Waiting on the GameStop Knife to Fall ⇥ themargins.substack.com
Ranjan Roy, the Margins:
Even the “retail” is plenty of well-off people. While most of the media coverage focuses on laid-off college-aged kids and uses the term “mom and pop” investors (is that even okay in 2021?), I can promise you plenty of friends in tech (who often make a lot more than friends in finance nowadays [Haha, sorry -Can]) and doctors are sending me $GME or $AMC gain porn. The already wealthy are having a laugh, catalyzed by r/WSB. I mean, the world’s richest man joined in [on] the fun. Can we please stop making this about the “little guy” vs. “Wall Street”?
But when that stock starts absolutely tanking — what happens? Does it stop exactly at some reasonable enterprise valuation? That’s not how momentum works. In trading, everyone loved the adage “don’t try to catch a falling knife” but while everyone enjoyed the lulz on the way up (other than Melvin Capital), it will be [GameStop CEO Jim] Bell’s job to catch the knife on the way down to try to keep as many of these people still employed as possible. Whatever happens, it will dangerous and ugly. Real employees could lose their real jobs thanks to the lulz.
The rally around heavily-shorted stocks like GameStop and AMC has been a surprisingly gripping story for something so inherently dull. From GameStop’s staggering rise, to trading apps intervening — and the backlash and lawsuit that resulted. If you are like me and not a Wall Street goon, the narrative of a bunch of Reddit users causing a hedge fund to require emergency funding to the tune of $2.75 billion is hilarious and satisfying. The effects of stock markets may impact us all, but it is only a game for the rich.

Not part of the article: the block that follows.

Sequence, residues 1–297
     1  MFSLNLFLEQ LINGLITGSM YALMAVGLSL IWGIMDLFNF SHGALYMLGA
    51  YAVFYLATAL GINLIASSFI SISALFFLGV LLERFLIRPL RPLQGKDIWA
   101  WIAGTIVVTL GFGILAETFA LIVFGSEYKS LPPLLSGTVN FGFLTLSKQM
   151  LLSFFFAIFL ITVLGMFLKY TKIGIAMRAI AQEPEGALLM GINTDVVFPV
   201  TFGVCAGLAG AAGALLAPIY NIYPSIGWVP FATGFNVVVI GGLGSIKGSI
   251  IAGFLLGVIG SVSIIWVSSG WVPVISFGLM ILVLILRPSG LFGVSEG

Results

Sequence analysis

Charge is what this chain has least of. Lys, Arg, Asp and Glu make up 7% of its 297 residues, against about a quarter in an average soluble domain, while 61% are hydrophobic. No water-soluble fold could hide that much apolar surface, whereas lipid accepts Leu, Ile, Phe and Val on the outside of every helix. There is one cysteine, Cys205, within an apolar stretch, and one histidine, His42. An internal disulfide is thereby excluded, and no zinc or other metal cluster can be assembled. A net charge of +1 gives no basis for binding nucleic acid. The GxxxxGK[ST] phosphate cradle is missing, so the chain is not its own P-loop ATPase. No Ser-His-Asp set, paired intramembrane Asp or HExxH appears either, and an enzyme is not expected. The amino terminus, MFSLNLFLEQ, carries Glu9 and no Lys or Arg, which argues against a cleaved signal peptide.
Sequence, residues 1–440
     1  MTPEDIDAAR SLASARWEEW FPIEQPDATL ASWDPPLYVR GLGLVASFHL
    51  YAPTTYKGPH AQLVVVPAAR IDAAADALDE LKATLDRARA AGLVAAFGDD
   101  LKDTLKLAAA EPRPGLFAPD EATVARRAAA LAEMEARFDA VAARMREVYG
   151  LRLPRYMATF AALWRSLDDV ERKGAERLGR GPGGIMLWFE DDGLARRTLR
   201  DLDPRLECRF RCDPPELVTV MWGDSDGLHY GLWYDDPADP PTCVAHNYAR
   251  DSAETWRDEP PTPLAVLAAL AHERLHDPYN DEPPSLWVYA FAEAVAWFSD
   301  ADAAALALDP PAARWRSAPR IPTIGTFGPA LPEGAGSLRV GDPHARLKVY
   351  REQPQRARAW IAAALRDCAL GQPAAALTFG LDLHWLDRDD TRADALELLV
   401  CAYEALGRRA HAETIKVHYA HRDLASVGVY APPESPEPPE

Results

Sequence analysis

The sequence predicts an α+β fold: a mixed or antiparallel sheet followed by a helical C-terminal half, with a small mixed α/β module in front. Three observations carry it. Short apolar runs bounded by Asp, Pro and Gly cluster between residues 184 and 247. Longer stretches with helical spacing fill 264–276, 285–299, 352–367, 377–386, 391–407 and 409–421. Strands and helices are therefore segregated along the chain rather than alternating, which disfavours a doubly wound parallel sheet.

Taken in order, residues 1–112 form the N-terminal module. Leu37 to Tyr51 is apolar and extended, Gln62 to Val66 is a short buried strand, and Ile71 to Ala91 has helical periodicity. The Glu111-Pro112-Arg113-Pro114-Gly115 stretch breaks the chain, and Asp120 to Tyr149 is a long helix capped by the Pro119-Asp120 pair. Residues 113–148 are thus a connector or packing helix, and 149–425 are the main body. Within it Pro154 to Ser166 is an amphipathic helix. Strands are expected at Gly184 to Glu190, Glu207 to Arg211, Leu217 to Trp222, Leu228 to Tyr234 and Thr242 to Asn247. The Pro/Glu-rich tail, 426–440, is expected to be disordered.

But Roy’s essay is the best thing I’ve read so far about this event. The part of this story that caught my eye from the beginning is that the rally’s earliest Reddit– and YouTube-based cheerleader bought over fifty-thousand dollars worth of GameStop stock in 2019. That is not the kind of money that regular people can just throw at probably-failing mall companies. A handful of people who were probably wealthy to begin with are going to make a lot of money. A lot more people — from retail traders who don’t really know what they are doing, to GameStop employees — are going to be hurting after this is over. Big money traders are still running this thing and it still sucks for the rest of us.
If this puts a damper on your enthusiasm for this story, I’m sorry.